The Ten Initiatives: Commercializing UNH's Intellectual Capital

Commercializing UNH's Intellectual Capital

Point Person: Jan Nisbet, senior vice provost for research

The University can and should be the primary engine for sustainable economic growth in the state and region. We will work more closely with private sector entrepreneurs to translate UNH-generated intellectual capital into new ventures and new jobs for the people of New Hampshire.

Relevant working group reports

Group 1 – Breaking Silos, Scrambling Categories: Integrating the Academy Horizontally and Vertically
Group 2 – Research: New Frontiers and Old Challenges
Group 5 – New Markets: Generating Resources to Meet Core Missions
Group 7 – Communities and Alliances: Expanding and Deepening UNH’s Strategic Partnerships

Download all. (pdf)

What's happened in the last year

After a national search, Marc Sedam was named the executive director of the UNH’s Office for Research Partnerships and Commercialization (ORPC). Sedam graduated from UNH in 1993 with a BS in biochemistry and holds an MBA from the University of North Carolina at Chapel Hill.  Sedam’s extensive experience in managing innovation, technology transfer and startup formation will enable him to lead the University’s efforts to protect and promote the intellectual property of the UNH community as well as foster partnerships between UNH and the business community.  He recently earned the Certified Licensing Professional™ (CLP) credential, a certification available to practicioners who have established a combination of high-level expertise in licensing intellectual property with high-impact transactions.  Approximately 800 professionals have received the CLP designation.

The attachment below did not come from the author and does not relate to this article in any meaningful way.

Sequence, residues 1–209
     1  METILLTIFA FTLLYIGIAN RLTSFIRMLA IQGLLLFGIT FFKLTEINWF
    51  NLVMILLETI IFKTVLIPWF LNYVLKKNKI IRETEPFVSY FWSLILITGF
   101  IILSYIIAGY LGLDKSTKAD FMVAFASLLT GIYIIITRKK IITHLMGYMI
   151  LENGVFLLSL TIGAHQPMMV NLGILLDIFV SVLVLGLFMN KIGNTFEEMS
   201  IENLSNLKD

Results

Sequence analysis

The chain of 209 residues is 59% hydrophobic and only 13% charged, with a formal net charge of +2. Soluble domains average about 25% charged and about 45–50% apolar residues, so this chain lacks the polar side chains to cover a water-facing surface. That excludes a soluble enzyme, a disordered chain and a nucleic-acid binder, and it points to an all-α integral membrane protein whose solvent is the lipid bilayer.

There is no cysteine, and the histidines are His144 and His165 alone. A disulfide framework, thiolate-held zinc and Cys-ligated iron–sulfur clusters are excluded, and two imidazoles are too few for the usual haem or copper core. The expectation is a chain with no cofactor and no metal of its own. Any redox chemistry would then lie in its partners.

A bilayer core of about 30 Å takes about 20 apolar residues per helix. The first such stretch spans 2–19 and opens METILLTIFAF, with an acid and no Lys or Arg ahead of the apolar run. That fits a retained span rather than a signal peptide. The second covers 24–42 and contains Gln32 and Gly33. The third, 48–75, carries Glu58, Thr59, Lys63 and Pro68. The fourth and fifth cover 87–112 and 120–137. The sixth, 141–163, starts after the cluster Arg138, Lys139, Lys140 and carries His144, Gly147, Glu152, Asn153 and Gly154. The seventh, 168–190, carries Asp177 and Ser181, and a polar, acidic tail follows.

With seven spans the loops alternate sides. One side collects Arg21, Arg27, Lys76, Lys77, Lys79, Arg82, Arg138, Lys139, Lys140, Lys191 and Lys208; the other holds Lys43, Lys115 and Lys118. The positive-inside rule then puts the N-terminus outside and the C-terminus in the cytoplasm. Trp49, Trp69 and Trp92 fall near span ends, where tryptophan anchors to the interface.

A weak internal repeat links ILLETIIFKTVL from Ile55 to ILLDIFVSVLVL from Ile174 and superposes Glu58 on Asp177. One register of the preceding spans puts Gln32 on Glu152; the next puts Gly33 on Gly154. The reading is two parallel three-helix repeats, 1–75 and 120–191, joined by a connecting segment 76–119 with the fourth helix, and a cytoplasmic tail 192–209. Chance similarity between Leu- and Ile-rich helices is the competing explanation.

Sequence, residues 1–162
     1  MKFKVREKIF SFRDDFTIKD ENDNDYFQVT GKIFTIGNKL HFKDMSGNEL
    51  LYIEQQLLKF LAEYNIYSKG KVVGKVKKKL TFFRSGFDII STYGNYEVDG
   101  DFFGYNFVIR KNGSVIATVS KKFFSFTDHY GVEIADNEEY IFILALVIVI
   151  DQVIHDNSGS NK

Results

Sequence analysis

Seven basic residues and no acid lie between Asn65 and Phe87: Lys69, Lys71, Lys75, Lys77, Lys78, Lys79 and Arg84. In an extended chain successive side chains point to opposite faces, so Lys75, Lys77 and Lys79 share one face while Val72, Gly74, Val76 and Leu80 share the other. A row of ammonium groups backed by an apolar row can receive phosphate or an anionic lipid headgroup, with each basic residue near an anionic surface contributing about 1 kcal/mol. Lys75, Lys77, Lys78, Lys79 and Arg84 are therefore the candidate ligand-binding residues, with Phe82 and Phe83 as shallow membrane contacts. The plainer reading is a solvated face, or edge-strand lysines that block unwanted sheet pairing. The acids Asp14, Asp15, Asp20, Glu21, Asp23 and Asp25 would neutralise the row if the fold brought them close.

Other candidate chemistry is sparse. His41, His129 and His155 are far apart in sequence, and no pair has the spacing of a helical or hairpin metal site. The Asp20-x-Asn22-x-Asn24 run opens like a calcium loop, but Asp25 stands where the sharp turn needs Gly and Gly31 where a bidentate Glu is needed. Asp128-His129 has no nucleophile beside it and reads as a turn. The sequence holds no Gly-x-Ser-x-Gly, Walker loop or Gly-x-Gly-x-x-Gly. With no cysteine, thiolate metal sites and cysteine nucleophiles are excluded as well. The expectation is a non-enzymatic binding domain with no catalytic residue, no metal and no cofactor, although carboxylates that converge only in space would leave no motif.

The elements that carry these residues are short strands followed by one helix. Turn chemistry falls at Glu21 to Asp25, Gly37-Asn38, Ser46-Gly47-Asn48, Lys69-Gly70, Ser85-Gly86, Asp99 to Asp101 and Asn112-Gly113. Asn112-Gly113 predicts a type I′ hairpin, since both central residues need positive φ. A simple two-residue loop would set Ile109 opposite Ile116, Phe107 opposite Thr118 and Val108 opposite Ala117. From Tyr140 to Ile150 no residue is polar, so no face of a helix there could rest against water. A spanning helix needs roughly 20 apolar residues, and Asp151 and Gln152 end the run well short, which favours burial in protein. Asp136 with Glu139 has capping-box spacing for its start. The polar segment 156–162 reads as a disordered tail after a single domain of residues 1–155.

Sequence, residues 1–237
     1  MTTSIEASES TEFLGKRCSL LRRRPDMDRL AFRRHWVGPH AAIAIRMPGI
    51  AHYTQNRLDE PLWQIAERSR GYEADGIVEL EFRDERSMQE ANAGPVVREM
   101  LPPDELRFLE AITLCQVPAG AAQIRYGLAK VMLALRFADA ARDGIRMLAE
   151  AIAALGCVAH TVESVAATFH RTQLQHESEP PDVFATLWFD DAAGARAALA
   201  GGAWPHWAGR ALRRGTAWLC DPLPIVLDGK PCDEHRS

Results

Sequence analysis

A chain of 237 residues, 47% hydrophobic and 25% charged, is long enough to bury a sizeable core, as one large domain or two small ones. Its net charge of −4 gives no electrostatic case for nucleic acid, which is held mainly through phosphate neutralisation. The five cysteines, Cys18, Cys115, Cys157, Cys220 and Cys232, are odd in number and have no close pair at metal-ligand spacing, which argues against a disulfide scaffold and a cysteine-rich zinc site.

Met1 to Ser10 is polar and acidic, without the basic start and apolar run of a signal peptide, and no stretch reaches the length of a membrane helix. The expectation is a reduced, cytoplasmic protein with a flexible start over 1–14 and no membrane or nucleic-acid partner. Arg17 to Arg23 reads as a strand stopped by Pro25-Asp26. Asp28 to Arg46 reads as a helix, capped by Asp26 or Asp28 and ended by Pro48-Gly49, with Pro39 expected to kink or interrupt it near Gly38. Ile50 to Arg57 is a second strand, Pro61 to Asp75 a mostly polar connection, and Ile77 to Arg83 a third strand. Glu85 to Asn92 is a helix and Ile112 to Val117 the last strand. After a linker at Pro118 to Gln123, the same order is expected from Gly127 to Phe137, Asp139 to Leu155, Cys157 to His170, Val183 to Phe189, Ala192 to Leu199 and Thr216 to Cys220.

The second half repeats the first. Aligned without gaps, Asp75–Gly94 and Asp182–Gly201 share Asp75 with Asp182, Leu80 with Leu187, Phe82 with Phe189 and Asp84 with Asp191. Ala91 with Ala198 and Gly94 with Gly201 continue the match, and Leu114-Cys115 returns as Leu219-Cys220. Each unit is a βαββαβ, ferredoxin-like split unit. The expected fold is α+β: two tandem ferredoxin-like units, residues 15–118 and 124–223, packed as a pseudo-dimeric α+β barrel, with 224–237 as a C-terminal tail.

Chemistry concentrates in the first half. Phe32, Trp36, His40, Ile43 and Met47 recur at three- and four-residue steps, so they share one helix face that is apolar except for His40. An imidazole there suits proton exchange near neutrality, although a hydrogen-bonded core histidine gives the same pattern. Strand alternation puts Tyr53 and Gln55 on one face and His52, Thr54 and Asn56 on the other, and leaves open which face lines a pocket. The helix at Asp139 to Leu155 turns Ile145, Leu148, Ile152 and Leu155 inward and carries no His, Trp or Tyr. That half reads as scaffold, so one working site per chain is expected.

ORPC  launched UNH’s renewed focus on the use and commercialization of University innovations across all disciplines by hosting  the Innovation Catalyst Seminar Series.   These monthly seminars address  issues related to commercializing UNH’s innovations, including current and emerging best practices on campus. The seminars are open to all and designed to be a meeting place for innovators, entrepreneurs, service providers, etc.  The well-attended sessions covered topics that included an introduction to the ORPC and its philosophies on UNH innovations, “Intellectual Property 101,” best practices for working with third parties, and intellectual property issues unique to creative works. 

ORPC also hosted a series of seminars and workshops to provide guidance to businesses and individuals applying for Small Business Innovation Research (SBIR) and Small Business Technology Transfer (STTR) grants.  The presentations by Lisa Kurek of BBC Consulting took place in a variety of locations across the state and were sponsored by ORPC, the NH Innovation Research Center (NHIRC), the NH Bio/Medical Council, the NH Small Business Development Center